Viewpoints from Craig Hasday

Last week President Trump released his long-awaited “American Patients First” blueprint on attacking out-of-control pharmacy costs. Unfortunately, it’s more of a whimper than a roar. If the regulations are effectively written to support my understanding of the President’s intent, the incremental steps forward were not horrible. They are just not bold enough.

Drug manufacturers will have to disclose the cost of drugs they advertise.

The shock value of this will be eye-opening. And it may impede manufacturers who have been gouging consumers with their outlandish pricing strategies.

And Medicare will be allowed to use some of the cost control measures that employer-based plans implemented long ago.

Medicare would now be able to eliminate the onerous two-drugs-for-each-condition minimum and the six sacrosanct therapeutic class categories, such as cancer and HIV/AIDS, where every available drug had to be covered. With these policies eased, at least the government will be able to put up their dukes to fight the manufacturers’ ridiculous cost demands. Medicare will also be allowed to develop policies to encourage dispensing drugs in the most cost-efficient setting (e.g. a doctor’s office instead of hospitals) 

Multi-source drugs will be available sooner as manufacturers will be limited in their ability to use federal safety program rules to extend drug patent lives.

But, surprising to me, is that employer plans would not get much relief at all from the President’s plans.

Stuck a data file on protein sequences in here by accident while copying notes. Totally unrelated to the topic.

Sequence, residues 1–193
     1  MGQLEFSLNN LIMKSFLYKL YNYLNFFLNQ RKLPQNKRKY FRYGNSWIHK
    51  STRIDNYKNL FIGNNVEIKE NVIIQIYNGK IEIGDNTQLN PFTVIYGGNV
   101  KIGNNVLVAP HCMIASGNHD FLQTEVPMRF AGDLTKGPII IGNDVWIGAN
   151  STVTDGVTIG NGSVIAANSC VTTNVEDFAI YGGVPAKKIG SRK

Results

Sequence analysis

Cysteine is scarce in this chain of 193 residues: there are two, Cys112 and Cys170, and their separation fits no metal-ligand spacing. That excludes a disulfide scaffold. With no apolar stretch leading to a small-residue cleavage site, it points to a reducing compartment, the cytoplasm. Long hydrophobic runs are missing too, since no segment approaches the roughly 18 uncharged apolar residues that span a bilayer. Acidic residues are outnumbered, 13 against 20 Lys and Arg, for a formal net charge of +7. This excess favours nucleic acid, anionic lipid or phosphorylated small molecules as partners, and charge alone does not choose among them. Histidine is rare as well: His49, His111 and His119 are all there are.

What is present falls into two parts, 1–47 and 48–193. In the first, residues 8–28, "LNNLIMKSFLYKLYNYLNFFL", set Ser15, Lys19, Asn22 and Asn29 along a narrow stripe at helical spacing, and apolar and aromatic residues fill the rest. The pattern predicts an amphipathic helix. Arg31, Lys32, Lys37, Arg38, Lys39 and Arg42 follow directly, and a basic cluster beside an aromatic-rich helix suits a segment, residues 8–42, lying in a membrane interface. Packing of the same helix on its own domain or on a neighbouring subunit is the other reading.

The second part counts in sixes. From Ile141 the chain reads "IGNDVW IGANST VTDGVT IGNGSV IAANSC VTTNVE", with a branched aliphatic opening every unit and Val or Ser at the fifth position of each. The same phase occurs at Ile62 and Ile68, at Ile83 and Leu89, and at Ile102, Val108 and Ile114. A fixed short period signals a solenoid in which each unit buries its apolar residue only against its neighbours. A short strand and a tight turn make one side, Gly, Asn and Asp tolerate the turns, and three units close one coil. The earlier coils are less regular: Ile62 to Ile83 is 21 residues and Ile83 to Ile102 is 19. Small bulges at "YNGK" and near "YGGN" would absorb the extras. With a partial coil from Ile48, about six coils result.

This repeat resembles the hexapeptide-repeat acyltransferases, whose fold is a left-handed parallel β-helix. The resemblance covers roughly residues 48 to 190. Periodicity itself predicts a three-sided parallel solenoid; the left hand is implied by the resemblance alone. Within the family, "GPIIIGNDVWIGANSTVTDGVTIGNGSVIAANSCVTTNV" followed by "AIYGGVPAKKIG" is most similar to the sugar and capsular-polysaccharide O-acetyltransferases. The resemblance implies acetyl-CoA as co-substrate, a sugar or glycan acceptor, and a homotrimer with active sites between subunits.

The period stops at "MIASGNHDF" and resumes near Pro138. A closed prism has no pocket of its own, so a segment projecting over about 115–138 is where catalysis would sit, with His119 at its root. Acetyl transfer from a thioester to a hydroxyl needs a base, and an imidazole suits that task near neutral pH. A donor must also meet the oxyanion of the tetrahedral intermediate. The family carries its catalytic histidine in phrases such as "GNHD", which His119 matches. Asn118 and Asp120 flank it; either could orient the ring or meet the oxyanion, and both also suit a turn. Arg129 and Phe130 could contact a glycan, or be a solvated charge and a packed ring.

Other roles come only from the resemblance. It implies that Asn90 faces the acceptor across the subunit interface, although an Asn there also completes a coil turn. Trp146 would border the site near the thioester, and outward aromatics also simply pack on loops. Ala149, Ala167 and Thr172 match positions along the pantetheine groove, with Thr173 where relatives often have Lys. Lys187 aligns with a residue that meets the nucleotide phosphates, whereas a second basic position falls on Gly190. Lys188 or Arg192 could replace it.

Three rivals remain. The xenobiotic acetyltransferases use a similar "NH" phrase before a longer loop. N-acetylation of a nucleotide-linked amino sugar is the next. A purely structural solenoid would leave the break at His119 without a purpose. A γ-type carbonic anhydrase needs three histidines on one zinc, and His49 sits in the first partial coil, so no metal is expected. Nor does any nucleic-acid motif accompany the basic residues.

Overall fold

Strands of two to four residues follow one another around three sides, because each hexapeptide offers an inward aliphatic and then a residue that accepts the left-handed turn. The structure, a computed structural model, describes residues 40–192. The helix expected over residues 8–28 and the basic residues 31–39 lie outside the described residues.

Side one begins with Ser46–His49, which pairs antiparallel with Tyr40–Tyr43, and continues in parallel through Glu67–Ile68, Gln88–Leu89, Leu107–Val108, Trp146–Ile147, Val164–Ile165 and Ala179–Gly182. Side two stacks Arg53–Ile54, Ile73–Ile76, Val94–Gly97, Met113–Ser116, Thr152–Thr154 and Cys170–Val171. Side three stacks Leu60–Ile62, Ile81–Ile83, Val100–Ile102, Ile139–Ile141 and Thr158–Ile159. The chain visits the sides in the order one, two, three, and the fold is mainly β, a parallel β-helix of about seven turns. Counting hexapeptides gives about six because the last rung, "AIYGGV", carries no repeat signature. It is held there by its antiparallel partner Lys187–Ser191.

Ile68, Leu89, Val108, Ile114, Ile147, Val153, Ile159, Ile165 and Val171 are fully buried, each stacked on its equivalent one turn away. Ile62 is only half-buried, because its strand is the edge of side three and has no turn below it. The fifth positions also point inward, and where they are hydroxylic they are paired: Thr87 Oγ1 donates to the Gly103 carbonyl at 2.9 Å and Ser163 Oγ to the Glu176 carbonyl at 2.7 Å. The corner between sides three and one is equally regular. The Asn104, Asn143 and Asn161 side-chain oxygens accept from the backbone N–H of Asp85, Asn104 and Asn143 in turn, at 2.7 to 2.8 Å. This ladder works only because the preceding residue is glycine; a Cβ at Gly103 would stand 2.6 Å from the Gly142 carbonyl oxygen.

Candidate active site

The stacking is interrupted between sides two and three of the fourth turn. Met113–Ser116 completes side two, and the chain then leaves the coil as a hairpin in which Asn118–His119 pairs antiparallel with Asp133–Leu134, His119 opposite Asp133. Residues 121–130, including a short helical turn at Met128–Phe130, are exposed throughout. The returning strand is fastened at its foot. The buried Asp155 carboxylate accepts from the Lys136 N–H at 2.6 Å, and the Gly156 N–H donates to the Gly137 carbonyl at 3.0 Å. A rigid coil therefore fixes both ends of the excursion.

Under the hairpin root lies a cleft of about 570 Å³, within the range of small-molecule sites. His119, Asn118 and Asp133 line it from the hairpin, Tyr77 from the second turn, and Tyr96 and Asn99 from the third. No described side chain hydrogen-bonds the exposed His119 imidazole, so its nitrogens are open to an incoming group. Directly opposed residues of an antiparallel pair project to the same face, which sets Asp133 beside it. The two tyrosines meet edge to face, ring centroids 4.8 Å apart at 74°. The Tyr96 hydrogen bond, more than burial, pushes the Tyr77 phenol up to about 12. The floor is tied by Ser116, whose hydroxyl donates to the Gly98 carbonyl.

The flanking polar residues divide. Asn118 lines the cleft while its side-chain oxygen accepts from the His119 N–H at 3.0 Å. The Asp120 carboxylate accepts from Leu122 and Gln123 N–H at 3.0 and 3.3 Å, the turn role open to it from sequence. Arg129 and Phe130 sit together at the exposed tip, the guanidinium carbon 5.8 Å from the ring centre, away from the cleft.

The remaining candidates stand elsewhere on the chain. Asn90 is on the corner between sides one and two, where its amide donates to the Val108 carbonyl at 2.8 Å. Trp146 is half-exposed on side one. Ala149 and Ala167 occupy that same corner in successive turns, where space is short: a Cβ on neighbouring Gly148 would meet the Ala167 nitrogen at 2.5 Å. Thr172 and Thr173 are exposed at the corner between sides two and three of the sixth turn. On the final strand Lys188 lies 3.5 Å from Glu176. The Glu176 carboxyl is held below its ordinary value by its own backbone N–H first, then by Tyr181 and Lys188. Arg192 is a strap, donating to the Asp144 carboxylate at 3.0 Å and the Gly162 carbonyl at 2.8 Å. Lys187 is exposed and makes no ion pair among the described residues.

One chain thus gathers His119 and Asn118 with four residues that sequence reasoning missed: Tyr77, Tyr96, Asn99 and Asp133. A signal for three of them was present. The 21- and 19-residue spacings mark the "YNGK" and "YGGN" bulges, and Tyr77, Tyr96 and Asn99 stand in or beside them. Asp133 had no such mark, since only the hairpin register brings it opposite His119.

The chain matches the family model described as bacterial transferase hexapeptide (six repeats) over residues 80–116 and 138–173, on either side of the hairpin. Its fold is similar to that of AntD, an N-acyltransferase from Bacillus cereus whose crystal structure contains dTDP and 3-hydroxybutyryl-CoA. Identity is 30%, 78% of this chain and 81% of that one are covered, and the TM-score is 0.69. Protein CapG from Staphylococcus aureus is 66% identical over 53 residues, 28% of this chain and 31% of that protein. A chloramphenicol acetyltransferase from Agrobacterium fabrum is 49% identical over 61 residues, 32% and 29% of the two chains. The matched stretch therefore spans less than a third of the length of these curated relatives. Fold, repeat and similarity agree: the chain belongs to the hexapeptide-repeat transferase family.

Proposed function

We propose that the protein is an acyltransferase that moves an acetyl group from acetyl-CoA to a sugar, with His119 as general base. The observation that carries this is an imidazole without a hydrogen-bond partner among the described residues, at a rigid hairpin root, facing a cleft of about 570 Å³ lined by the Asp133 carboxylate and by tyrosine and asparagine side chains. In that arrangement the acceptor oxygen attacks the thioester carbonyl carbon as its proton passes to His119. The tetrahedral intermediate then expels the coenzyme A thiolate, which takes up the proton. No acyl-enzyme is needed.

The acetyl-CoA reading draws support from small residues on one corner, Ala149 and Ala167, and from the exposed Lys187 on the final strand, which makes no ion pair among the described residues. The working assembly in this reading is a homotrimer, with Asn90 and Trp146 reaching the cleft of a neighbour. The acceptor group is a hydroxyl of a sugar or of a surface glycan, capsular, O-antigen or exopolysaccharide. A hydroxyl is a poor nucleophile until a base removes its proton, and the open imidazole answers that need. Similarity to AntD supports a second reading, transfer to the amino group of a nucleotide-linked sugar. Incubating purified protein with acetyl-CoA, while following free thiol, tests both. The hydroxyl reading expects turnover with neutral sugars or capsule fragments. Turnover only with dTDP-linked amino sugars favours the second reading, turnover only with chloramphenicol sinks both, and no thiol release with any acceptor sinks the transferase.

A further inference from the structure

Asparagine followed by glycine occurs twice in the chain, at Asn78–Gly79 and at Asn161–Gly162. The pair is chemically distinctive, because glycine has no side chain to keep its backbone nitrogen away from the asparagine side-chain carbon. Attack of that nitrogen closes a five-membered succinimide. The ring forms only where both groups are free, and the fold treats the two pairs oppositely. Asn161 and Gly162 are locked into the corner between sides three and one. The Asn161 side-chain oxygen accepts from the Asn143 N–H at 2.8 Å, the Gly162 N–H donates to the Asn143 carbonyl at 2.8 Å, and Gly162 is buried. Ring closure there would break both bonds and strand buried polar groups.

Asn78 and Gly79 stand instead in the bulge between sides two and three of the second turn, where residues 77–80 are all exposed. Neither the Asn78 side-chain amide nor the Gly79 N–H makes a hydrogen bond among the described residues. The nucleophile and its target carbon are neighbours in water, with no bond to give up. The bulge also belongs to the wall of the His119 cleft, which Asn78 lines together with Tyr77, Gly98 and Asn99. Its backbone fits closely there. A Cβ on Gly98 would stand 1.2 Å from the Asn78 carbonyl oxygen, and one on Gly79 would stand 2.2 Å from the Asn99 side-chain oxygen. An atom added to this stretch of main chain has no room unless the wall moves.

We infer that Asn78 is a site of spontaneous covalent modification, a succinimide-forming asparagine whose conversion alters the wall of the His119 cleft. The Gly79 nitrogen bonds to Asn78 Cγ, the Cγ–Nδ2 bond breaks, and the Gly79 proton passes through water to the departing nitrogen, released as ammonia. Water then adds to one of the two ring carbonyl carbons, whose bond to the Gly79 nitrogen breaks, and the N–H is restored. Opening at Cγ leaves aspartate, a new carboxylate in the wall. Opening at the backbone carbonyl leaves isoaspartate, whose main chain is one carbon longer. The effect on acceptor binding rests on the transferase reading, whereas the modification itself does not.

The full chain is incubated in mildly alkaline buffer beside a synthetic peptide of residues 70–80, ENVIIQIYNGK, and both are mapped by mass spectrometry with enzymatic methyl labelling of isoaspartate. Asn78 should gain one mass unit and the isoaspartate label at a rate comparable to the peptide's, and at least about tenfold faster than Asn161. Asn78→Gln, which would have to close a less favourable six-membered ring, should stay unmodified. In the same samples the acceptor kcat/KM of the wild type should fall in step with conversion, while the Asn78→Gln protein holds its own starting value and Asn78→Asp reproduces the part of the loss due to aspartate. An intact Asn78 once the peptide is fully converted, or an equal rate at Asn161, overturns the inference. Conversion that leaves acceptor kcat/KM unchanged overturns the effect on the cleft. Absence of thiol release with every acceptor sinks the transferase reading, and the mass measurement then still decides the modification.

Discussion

Although there was smoke blown at drug rebate practices, it seems that the President took it easy on rebates. In my view, these are a legal kickback scheme that creates unfair incentives and contributes to an opaque pricing system. And trying to pressure other countries to not negotiate as hard on drug costs is almost laughable. Clearly the stock market agrees that the status quo has been maintained. Although stock prices for two large pharmacy benefit managers, Express Scripts and CVS Health, took an initial dive following the President’s speech, the prices are almost back to pre-speech levels.

If it were me, I would end rebates and regulate prices of new specialty drugs. These drugs are priceless to patients seeking a cure and someone needs to advocate for payors to make costs rational. These new drugs are like oxygen to a suffering patient. I had high hopes – but the outcome was just a baby step.

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Craig Hasday

President, National Employee Benefits Practice